It took those huge crowds in Cairo’s Tahrir Square to bring down former president Hosni Mubarak. But for many in that crowd, a key turning point came in 2003.
That’s when, as journalist Robyn Creswell writes in Harper’s Magazine, author Sonallah Ibrahim declined a major state award, saying, “we no longer have any theater, cinema, scientific research, or education… instead … corruption and robbery are everywhere … and whoever speaks out is interrogated, beaten, and tortured. “The government offering the award, Sonallah concluded, “lacks the credibility to bestow it.”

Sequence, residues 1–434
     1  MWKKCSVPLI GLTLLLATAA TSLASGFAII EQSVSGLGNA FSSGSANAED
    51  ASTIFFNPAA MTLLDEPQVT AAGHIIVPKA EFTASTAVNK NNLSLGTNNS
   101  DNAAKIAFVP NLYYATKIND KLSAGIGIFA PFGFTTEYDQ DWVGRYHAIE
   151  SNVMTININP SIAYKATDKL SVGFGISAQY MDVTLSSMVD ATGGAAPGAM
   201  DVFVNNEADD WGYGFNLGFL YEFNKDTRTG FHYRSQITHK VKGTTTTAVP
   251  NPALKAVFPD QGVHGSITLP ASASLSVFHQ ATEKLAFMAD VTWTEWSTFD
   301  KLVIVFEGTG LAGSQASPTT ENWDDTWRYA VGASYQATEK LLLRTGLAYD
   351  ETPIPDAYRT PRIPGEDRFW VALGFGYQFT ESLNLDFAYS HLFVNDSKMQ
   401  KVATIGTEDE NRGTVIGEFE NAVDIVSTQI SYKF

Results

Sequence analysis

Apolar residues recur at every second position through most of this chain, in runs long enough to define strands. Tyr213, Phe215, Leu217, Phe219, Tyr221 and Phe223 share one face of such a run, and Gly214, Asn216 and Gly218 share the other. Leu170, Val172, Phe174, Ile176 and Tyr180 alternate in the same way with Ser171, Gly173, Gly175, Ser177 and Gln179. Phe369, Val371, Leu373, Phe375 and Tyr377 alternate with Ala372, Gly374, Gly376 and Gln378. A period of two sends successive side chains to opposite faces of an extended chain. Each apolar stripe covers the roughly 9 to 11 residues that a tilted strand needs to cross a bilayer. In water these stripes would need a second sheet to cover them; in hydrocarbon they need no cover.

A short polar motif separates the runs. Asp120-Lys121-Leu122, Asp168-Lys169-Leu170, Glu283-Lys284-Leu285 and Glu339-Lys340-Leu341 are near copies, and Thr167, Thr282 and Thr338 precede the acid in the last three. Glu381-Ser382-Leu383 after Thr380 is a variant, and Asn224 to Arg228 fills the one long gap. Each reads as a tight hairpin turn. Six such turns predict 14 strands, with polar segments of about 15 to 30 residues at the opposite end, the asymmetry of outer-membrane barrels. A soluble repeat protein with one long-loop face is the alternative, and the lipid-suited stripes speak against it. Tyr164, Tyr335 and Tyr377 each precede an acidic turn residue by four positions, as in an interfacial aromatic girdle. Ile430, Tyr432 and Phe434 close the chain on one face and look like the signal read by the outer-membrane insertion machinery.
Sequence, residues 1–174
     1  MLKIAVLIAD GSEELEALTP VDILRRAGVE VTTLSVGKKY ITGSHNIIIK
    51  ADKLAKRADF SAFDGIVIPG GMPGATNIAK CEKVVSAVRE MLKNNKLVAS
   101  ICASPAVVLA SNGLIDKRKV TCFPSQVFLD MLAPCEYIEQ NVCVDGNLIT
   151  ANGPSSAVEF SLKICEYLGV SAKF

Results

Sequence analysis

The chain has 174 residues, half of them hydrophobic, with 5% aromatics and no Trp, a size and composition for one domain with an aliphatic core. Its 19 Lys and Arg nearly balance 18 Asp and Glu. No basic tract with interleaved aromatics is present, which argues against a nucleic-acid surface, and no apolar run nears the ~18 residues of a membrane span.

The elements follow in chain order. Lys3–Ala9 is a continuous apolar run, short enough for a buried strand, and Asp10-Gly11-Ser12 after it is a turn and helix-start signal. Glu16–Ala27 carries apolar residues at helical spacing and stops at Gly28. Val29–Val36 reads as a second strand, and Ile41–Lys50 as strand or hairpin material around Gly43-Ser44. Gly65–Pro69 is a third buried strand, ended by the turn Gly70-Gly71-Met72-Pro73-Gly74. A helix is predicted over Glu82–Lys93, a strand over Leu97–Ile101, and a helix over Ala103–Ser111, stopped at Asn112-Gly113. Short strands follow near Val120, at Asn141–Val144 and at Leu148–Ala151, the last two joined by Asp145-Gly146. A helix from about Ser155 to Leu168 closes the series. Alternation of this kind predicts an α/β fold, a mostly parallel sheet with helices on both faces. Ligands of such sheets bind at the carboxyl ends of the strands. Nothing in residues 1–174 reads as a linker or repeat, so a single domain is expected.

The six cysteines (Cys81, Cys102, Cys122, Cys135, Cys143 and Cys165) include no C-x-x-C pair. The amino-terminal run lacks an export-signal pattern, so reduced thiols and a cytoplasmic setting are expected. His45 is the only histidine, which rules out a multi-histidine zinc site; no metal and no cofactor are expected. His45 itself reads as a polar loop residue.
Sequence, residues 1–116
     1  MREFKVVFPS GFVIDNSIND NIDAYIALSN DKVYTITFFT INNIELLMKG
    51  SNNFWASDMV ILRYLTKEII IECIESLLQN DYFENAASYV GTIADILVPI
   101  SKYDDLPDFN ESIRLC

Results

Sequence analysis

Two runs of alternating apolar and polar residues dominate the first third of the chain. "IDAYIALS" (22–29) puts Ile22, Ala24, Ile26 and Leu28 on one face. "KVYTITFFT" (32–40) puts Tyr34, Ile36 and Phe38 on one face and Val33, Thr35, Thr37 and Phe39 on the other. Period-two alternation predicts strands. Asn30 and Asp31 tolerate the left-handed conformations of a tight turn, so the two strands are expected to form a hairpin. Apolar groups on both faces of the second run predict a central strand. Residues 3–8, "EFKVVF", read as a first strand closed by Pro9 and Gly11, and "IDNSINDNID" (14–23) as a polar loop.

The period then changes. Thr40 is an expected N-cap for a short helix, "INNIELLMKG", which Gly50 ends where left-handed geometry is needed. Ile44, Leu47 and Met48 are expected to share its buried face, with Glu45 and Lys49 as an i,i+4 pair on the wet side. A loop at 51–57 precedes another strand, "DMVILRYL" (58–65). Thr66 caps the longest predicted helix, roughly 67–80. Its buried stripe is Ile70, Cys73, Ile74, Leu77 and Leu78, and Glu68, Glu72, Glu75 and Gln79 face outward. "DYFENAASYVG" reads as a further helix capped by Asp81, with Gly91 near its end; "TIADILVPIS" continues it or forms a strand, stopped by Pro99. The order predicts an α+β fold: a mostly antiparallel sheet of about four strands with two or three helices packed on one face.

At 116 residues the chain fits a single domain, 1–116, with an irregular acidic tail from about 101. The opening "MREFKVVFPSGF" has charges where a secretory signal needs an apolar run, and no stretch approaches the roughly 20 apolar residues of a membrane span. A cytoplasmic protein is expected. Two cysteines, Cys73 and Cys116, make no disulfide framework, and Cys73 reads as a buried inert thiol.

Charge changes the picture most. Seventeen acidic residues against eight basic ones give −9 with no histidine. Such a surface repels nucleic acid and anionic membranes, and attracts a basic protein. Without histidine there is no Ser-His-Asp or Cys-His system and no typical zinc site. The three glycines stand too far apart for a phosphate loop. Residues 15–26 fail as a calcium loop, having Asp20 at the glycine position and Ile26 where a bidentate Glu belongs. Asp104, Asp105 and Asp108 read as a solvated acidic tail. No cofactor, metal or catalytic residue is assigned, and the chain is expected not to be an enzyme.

Robyn Creswell is a contributing writer at Harper’s Magazine and poetry editor of the Paris Review. We speak with him about Egyptian novelists before and after the Egyptian revolution.
- Harper’s Magazine: Egyptian novelists at home and abroad (subscription required)
- NYTimes.com: The cultural revolution in Tahrir Square